Bosses Are Warned To Support Women

The amount of employment tribunals citing menopause has surged in recent years, and experts are now warning companies to increase support or face legal action.

According to figures from HM Courts and Tribunals Service, menopause was cited in only five cases in the last nine months of 2018 but jumped to ten mentions in the first six months of 2021.

Experts say women are frequently standing up for themselves over menopause-related discrimination and challenging bosses who don’t acknowledge or offer support for symptoms.

There are 34 recognised menopause symptoms, including brain fog, electric shock jolts, itchiness, loss of libido, joint pain and a burning mouth, alongside the better recognised hot flushes and irritability.

In a newspaper outlet in Scotland, one woman alleged her boss embarrassed her in front of co-workers in relation to her menopause symptoms, including an episode where she was called a dinosaur in front of customers.

She was awarded £28,000. In another case, social worker Maria Rooney, 49, challenged Leicester City Council of wrongful dismissal.

She maintained her anxiety and depression caused by menopause were ignored, and Aggie Kownacka, a recruitment worker, was told by her boss that it was no big deal that her cancer diagnosis would trigger early menopause at the age of 37, another tribunal heard.

The HM Courts and Tribunals Service numbers relate only to cases that were escalated to a tribunal in England and doesn’t cover a vast number of employment disputes resolved privately.

According to the consultancy Menopause Experts, menopause was highlighted only eight times in employment disputes in 2017 but was cited 116 times in the first six months of 2021.

Sinead Casey, a partner at Linklater’s law firm said the menopause revolution is coming, with increasing calls for more awareness and support, and she said that employers need to wake up and also leave themselves wide open to legal vulnerability if they don’t.

More than five million working women are aged 40 to 55 in Britain and approximately 80 per cent of those will have symptoms of menopause while employed.

It is also true that more women take off time than men do because they have to also take care of their children, then there’s pregnancy, maternity leave and so forth, but that doesn’t make them any less valuable than a man because I’d like to see a man carry babies, produce milk to feed them and be the primary caregiver.

The point is that women who do the same job as a man are also doing the reproducing and nurturing of the next generation and I’d like to see men do it because if they had to, they would also whine about the length of their maternity/paternity leave as well.

But it’s not just women, it’s men as well that are suffering because if you’re male and between 40 and 50 years old, companies want them gone because they would rather employ youngsters who they know won’t just keel over on the shop floor.

Menopause might not be classed as a disability, however, some of the symptoms might constitute a disability, meaning it could trigger other problems that could affect the body, therefore, an employer should make reasonable adjustments and protect that person from less favourable treatment, particularly from co-workers.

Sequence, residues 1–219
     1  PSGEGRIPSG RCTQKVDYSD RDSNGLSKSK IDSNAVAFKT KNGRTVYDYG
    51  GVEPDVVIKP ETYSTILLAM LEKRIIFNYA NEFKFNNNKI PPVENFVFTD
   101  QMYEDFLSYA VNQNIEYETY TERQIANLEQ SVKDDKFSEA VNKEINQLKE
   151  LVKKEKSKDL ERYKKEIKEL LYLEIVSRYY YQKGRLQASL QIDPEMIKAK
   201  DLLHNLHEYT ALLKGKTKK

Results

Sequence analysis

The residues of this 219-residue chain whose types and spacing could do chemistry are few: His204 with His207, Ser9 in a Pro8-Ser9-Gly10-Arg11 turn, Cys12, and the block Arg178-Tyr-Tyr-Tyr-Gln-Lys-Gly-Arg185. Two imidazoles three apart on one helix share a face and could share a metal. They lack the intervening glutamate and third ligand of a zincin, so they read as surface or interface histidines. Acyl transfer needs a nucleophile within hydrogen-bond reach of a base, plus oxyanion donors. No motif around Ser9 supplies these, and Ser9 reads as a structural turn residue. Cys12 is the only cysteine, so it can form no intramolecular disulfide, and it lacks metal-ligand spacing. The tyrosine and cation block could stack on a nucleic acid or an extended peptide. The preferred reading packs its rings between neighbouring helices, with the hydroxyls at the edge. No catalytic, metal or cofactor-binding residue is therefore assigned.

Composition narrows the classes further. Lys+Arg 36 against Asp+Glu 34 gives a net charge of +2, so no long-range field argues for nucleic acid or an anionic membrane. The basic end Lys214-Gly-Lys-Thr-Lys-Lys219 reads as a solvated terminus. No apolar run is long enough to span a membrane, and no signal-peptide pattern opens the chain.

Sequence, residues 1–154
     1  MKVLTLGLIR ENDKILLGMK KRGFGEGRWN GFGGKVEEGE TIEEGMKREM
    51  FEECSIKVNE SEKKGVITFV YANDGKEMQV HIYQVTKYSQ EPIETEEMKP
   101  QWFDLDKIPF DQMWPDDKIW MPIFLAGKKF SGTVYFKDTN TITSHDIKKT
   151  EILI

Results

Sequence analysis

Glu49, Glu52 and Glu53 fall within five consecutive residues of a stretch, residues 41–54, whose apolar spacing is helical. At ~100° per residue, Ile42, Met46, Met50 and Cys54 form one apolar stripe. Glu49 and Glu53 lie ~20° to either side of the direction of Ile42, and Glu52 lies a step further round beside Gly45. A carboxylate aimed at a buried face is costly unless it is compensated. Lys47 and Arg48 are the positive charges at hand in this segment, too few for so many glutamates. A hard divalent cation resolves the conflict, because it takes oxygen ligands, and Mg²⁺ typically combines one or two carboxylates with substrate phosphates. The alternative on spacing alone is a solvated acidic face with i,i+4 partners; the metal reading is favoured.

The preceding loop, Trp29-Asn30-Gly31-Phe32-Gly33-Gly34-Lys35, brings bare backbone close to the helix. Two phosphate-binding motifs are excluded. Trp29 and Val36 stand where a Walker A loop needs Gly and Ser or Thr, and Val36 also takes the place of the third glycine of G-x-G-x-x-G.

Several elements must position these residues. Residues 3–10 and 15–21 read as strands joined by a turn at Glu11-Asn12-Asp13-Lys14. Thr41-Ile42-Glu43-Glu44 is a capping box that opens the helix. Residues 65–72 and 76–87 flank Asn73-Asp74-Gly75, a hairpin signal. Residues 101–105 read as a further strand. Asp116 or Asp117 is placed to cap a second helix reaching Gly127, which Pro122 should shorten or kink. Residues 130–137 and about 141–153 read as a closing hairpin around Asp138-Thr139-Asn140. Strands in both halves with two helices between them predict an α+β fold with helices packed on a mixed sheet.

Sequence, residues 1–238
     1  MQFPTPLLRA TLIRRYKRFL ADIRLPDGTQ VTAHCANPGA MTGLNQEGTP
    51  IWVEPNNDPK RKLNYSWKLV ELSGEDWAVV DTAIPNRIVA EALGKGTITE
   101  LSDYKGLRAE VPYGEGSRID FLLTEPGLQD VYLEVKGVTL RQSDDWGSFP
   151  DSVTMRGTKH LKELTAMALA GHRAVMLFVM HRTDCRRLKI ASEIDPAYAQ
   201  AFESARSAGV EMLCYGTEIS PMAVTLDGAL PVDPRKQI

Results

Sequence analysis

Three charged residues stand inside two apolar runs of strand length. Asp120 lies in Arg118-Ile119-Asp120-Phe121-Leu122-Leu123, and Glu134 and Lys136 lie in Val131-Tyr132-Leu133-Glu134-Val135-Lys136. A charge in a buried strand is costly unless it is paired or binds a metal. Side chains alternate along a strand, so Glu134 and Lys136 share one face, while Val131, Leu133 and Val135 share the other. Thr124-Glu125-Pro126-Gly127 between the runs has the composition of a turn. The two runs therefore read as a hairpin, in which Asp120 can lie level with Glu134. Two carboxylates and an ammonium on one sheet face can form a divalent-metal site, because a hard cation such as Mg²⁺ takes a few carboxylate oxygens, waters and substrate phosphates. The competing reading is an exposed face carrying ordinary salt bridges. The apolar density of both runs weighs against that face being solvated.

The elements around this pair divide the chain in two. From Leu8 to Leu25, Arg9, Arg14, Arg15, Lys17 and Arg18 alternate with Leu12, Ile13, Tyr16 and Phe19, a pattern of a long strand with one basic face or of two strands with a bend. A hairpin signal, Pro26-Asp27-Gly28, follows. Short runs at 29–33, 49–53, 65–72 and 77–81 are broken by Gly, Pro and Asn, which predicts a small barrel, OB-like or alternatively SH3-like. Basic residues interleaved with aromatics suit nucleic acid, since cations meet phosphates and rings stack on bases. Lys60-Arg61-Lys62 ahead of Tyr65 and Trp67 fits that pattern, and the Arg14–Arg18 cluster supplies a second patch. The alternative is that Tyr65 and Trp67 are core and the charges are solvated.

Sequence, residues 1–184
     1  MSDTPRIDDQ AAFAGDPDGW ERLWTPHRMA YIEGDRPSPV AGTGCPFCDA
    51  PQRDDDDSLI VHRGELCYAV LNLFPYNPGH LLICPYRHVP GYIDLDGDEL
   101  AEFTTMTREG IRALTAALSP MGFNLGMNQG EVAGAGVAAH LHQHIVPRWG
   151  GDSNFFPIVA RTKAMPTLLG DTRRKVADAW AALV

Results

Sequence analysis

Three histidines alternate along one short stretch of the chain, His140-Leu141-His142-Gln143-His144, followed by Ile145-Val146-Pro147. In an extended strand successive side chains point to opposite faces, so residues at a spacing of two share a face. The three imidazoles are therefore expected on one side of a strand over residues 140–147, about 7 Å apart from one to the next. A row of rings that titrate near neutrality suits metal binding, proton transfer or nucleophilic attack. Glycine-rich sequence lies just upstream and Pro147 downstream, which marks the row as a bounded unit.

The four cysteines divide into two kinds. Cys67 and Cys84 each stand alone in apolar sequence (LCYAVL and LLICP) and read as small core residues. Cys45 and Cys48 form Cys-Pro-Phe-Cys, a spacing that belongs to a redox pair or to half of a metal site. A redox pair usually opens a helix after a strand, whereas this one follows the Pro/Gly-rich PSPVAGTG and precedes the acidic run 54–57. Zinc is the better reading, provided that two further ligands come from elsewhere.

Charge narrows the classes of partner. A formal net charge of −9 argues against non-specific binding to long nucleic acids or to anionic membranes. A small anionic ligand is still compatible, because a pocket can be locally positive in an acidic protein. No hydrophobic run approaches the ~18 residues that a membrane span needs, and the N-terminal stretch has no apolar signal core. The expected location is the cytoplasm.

Sadly there are a lot of workplaces out there that discriminate against women, even in this day and age, and soon women will start getting the boot because they’re taking time off work because of menopause, and those workplaces that do discriminate against women or anyone for that matter, well, it doesn’t really say much for them, does it?

Published by Angela Lloyd

My vision on life is pretty broad, therefore I like to address specific subjects that intrigue me. Therefore I really appreciate the world of politics, though I have no actual views on who I will vote for, that I will not tell you, so please do not ask! I am like an observation station when it comes to writing, and I simply take the news and make it my own. I have no expectations, I simply love to write, and I know this seems really odd, but I don't get paid for it, I really like what I do and since I am never under any pressure, I constantly find that I write much better, rather than being blanketed under masses of paperwork and articles that I am on a deadline to complete. The chances are, that whilst all other journalists are out there, ripping their hair out, attempting to get their articles completed, I'm simply rambling along at my convenience creating my perfect piece. I guess it must look pretty unpleasant to some of you that I work for nothing, perhaps even brutal. Perhaps I have an obvious disregard for authority, I have no idea, but I would sooner be working for myself, than under somebody else, excuse the pun! Small I maybe, but substantial I will become, eventually. My desk is the most chaotic mess, though surprisingly I know where everything is, and I think that I would be quite unsuited for a desk job. My views on matters vary and I am extremely open-minded to the stuff that I write about, but what I write about is the truth and getting it out there, because the people must be acquainted. Though I am quite entertained by what goes on in the world. My spotlight is mostly to do with politics, though I do write other material as well, but it's essentially politics that I am involved in, and I tend to concentrate my attention on that, however, information is essential. If you have information the possibilities are endless because you are only limited by your own imagination...

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